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Transcript from the "Custom Hooks" Lesson
>> Brian Holt: Before we get to requesting against the API, I wanna show you how to do with something that's called a custom hook. So right now we've just been using useState all over the place, but if you notice HTML for animal, or this one here right animal and breed.
[00:00:18] These are almost the same thing, right, to the point that like, it'd be nice if we could have some sort of like reusable bit. That would do like a drop-down for us, and we didn't have to do all this song and circumstance. And we could maintain them together, so let's actually go do that.
[00:00:35] So make a new file here, and call it useDropdown.js.
>> Brian Holt: Okay, here you wanna import React from 'react'.
>> Brian Holt: And we're also gonna use useState.
>> Brian Holt: Okay, and then I'm gonna say const useDropdown, this is gonna be our hook that we're gonna create. And it's gonna take in a label, some sort of default state, and some sort of a list of options to put in there.
>> Brian Holt: Then down at the bottom we're going to export default useDropdown. So we're gonna say const state, useState, so we're gonna make this like a generic dropdown.
>> Brian Holt: So not useState but setState
>> Brian Holt: Equals useState, and the default state of this is going to be whatever they pass in, so default state.
[00:02:15] So, I'm gonna say, label.replace, so take any spaces out of the string and also make it lowercase.
>> Brian Holt: So like if label here was something like Best Dogs Ever or something like that, right? What this would do is it would make this
>> Brian Holt: Look like that, right, that's what this would output there, right?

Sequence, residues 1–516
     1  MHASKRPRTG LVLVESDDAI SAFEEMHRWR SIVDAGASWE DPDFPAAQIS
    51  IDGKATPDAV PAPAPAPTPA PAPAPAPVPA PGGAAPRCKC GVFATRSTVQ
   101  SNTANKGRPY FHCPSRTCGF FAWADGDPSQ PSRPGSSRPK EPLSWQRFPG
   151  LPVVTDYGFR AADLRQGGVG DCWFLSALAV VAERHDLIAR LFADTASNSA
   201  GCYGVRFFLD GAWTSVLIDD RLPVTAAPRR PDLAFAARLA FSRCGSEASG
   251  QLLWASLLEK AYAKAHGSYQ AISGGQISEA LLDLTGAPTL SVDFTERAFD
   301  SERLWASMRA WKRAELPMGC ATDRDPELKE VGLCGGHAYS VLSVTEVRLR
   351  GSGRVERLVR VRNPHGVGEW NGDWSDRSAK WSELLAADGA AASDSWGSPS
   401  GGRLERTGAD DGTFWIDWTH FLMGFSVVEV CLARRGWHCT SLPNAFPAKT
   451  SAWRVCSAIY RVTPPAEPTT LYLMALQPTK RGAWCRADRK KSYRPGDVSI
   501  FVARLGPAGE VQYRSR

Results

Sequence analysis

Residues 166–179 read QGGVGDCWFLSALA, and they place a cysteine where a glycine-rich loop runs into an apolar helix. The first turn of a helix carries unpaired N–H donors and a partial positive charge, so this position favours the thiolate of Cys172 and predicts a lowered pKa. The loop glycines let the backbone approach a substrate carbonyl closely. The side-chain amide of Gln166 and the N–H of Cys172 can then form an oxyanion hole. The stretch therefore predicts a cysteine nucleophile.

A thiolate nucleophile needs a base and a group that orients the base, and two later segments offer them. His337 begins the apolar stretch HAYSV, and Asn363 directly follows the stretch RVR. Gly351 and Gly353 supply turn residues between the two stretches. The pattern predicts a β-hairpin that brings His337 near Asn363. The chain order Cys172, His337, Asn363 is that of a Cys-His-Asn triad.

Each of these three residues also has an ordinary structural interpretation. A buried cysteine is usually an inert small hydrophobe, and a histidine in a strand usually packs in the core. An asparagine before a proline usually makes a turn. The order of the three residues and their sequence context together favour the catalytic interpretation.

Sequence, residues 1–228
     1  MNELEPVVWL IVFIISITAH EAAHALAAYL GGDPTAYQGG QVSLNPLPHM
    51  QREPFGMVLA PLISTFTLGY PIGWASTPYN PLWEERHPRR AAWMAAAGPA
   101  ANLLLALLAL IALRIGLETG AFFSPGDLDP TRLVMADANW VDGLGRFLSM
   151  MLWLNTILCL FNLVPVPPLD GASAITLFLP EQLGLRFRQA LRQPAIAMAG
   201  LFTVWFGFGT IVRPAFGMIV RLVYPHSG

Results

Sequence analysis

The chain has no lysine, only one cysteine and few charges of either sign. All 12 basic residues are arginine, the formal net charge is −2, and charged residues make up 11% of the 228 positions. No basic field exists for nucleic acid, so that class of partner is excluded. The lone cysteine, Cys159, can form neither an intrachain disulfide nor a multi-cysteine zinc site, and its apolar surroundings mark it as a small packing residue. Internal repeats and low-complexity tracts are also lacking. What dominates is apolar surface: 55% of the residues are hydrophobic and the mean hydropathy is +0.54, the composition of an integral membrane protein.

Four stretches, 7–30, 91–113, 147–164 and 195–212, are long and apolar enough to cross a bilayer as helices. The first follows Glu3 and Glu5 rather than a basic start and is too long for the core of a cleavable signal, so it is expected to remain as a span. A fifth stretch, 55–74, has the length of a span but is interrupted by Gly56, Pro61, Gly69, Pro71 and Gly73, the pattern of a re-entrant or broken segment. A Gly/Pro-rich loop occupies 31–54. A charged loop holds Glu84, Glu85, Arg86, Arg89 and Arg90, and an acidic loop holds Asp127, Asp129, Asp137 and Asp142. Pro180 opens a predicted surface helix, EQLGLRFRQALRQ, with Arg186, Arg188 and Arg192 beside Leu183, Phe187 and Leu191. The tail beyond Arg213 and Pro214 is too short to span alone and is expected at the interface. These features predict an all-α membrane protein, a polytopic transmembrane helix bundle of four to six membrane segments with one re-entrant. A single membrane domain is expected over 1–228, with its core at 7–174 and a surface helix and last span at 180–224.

[00:02:47] Doesn't matter that it's readable, it just matters that it's unique.
>> Brian Holt: Okay, and then the component that we're gonna make is called a Dropdown, so const Dropdown equals an arrow function. And we're just gonna use that implicit return again with the parentheses, equals label htmlFor equals the ID.
>> Brian Holt: And then here, this is gonna have an ID, we need to put a label inside of that label which is coming in here from the parameters. And then we're gonna put a select inside of that.
>> Brian Holt: And we have to give that select an ID as well, so id= [id], value = state which we created up here, so state.
>> Brian Holt: OnChange, we're going to call e and we're gonna say to setState to be e.target.value. And then the same thing for blur, onBlur.
>> Brian Holt: And then we have to give it that disabled thing as well, disabled equals options.length triple = 0. Here we're gonna give it an option of all, which is gonna have no value, right?
[00:04:34] Which means it's going to have nothing selective when it's on all. And then here we're gonna say options.map and do the same thing with map. So this is gonna be some item in the array of some option, we'll stick with item. Use our implicit return with parentheses and say option key=[item], value=[item], and then item right there as well.